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Qin music: composed or created? 1 "作"古琴音樂:甚麼意思?

The usual Chinese word, whether for creating or composing music, is 作 zuo, in general terms commonly translated as "make", but with music most often translated into English as "compose". The problem with this is that it evokes what might be an incorrect image:

In theological terms this distinction might be compared to trying to decide whether God is a "creator", giving people free will, or a "composer", whereby everything is predestined or preordained. And just as people might go to war over such theological points, they can also get very agitated about whether China also had "great composers" in the past.

Of course, such distinctions are not necessarily going to be clear cut. For example, musicians in the Western popular tradition who have created their own songs may also be considered as composers. Here a distinction can be made between the fact that we know quite well what some of them composed or created, even if others interpret it very differently, whereas with the "composers" of early qin pieces we often have little idea of what can actually be credited to them personally.

Making such distinctions is complicated by the fact that academically minded people, such as many traditional Chinese literati, wished at times to treat written materials as sacrosanct. Often not musicians themselves, they may treat the symbols one finds in qin tablature as though they are trying to define exactly how a piece should be played. Nowadays the tendency to do this is encouraged by an acceptance of the Western idea that this is the way "great music" should be. But this is not even typical of Western music outside the Common Practice Period. If applied, for example, to early Western music, where the written scores leave much to the performer(s), the results would generally be what people of that time would have considered unmusical performances.

In sum, "composer" is a very misleading term to use for the creators of most if not all qin melodies of the past. This seems to upset people who want to think of famous Chinese musicians of the past as being "as good as" famous Western musician of the past, and so they want to call music pieces attributed to them "compositions". This, however, implicitely accepts the idea that Western music of a certain music model is superior to traditional Chinese music. In fact, saying that they should not be called "composers" does not implay a value judgement. Rather it suggests that such comparisons are false analogies.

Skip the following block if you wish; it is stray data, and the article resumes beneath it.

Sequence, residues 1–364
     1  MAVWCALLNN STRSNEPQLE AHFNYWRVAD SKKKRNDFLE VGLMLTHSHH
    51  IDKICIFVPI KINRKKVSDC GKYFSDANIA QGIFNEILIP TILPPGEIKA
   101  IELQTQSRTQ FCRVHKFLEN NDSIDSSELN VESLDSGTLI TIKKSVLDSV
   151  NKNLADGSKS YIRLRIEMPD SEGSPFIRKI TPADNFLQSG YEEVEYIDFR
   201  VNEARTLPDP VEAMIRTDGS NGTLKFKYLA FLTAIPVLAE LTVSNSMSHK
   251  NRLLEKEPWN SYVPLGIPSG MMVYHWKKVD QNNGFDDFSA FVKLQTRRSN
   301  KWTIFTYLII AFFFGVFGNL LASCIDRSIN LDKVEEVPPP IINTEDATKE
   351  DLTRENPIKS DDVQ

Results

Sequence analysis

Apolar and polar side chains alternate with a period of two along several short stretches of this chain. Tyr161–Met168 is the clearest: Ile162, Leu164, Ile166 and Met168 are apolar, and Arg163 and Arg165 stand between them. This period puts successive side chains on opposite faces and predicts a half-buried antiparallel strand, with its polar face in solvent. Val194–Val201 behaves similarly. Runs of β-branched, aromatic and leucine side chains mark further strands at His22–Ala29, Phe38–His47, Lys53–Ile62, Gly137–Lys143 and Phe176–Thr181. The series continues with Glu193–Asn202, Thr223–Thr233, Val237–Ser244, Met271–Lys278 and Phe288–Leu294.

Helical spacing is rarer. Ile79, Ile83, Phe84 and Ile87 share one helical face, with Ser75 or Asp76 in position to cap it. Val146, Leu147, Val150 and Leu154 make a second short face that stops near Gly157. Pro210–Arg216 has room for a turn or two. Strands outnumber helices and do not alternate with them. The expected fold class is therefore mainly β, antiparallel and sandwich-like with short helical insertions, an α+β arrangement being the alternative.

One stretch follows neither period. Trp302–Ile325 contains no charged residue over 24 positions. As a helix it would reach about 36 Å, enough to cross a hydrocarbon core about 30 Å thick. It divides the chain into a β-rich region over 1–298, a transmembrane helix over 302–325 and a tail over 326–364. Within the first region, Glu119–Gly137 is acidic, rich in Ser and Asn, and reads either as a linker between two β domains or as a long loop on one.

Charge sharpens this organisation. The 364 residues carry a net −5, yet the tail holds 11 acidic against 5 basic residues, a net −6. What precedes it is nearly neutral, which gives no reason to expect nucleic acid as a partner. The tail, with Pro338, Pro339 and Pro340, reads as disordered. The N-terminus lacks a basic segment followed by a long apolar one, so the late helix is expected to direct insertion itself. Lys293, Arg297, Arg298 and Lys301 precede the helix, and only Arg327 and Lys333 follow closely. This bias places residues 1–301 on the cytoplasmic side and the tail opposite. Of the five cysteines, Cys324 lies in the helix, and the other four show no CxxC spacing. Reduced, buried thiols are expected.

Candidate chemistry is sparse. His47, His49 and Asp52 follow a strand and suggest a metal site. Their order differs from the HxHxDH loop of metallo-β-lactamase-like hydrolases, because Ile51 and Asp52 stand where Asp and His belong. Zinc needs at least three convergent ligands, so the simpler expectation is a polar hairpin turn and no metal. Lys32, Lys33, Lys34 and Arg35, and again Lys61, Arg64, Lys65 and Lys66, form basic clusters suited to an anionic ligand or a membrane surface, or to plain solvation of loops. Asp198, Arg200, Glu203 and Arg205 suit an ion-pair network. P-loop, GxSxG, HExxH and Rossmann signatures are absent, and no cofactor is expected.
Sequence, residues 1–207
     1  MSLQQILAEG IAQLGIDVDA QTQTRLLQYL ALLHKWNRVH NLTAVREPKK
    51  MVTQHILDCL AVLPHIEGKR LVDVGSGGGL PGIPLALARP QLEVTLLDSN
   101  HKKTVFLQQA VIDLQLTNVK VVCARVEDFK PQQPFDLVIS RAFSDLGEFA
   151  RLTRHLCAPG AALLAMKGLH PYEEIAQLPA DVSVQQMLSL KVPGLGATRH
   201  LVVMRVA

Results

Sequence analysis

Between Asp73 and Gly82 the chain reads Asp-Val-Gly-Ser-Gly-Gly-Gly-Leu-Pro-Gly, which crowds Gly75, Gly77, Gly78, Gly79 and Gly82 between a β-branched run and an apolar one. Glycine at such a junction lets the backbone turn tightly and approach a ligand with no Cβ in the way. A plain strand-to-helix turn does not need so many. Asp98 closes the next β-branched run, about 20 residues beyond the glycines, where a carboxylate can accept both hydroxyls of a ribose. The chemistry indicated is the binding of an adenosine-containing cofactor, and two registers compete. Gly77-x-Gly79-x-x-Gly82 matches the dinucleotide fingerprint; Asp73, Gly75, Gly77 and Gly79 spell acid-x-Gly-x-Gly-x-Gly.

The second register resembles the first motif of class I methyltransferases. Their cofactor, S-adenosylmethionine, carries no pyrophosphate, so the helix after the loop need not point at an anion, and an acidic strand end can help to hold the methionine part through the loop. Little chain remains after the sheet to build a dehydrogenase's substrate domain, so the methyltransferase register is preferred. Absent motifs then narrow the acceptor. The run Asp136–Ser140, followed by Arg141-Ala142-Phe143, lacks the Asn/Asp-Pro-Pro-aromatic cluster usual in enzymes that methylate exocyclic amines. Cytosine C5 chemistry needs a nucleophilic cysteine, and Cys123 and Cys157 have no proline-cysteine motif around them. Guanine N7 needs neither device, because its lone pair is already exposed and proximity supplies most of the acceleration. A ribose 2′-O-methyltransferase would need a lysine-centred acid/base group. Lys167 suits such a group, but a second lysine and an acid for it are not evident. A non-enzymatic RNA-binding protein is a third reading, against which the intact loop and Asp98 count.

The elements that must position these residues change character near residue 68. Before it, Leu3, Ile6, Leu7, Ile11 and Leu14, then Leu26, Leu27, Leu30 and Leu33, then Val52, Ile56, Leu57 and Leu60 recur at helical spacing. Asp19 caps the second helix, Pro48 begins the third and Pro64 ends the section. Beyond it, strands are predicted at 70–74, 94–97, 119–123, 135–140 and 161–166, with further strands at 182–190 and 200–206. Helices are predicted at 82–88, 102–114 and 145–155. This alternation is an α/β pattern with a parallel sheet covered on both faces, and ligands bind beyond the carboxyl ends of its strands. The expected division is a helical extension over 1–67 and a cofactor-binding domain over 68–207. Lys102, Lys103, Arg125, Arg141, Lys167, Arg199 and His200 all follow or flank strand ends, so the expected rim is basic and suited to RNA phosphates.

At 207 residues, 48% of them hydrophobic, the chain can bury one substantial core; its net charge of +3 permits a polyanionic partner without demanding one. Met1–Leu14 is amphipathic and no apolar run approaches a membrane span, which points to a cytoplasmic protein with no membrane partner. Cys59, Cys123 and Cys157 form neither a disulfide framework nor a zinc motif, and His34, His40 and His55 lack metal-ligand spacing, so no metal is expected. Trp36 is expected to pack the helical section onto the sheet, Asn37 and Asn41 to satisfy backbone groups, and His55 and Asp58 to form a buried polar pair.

The original argument concerned whether Jiang Kui should be considered as a "composer". That argument is stated in some detail here. A summary to the argument that he should be considered a "creator" rather than a "composer" is as follows:

(C)ould he not have been a creative person who simply enjoyed making music with friends, especially with lady friends? He picked up inspiration from here and there (including old and perhaps exotic sources he may not have completely understood), and this resulted in his musical works, which he created and probably modified while playing. Also having intellectual interests, and perhaps a desire to be accepted at court and/or by respected scholars, he then justified his creations by trying to fit them into modes that they could approve of.

(This) scenario is never described in Song dynasty sources, but then there are also no descriptions to suggest that Jiang, like modern composers, sat down a desk and (perhaps based on thorough studies of how to compose in the correct musical modes) wrote out melodies in a way that others could play them just as he wrote them.

There is a very limited amount of specific information available to pursue this issue. At present, for example, one can point to comments made about Zhuan Zhenfeng and the pieces in his Qinxue Xinsheng. For example, what is meant in this comparison of music he apparently created to that of Dai Yong over a thousand years earlier? It is possible that the creations of either or both of those two men met the criteria suggested here for "compositions"; unfortunately they did not leave specific enough physical evidence to establish that as fact.

Comparing qin melodies with other written early Chinese music

Here is may be useful to compare qin melodies to what has survived of Chinese court music through the Japanese gagaku tradition, and also to Chinese ritual court music.

Japanese gagaku musicians apparently treat the music they play as though they were compositions from China that must be preserved note for note. In fact, although many of them are based on written documents (both tablature and notation but almost certainly intended as core melodies to be freely interpreted) brought to China over 1000 years ago, their current form was created by the Japanese musicians themselves by gradual modification apparently over several centuries. If this is correct perhaps they can be called anonymous Japanese compositions based on Chinese creations.

Chinese imperial court ritual music may have had the best claim to be called "compositions", as apparently it was very important that they be played precisely according to rules related to cosmology, ritual and so forth. Concerning these there may be comments regarding their effectiveness or lack thereof but I have not studied these. Otherwise, comments seem to suggest these melodies were never considered as appealing from an aesthetic standpoint.

Footnotes (Numbers refer to entries in Zhongwen Dacidian)

1. Creators vs. composers
This page began as my reaction to creative Chinese musicians of the past, such as Jiang Kui, being called "composers", or even "composers as good as Western composers". I have argued that "creators" is a better term; the core of my argument was originally stated in the page about Jiang Kui's songs, Songs of the Whitestone Daoist.

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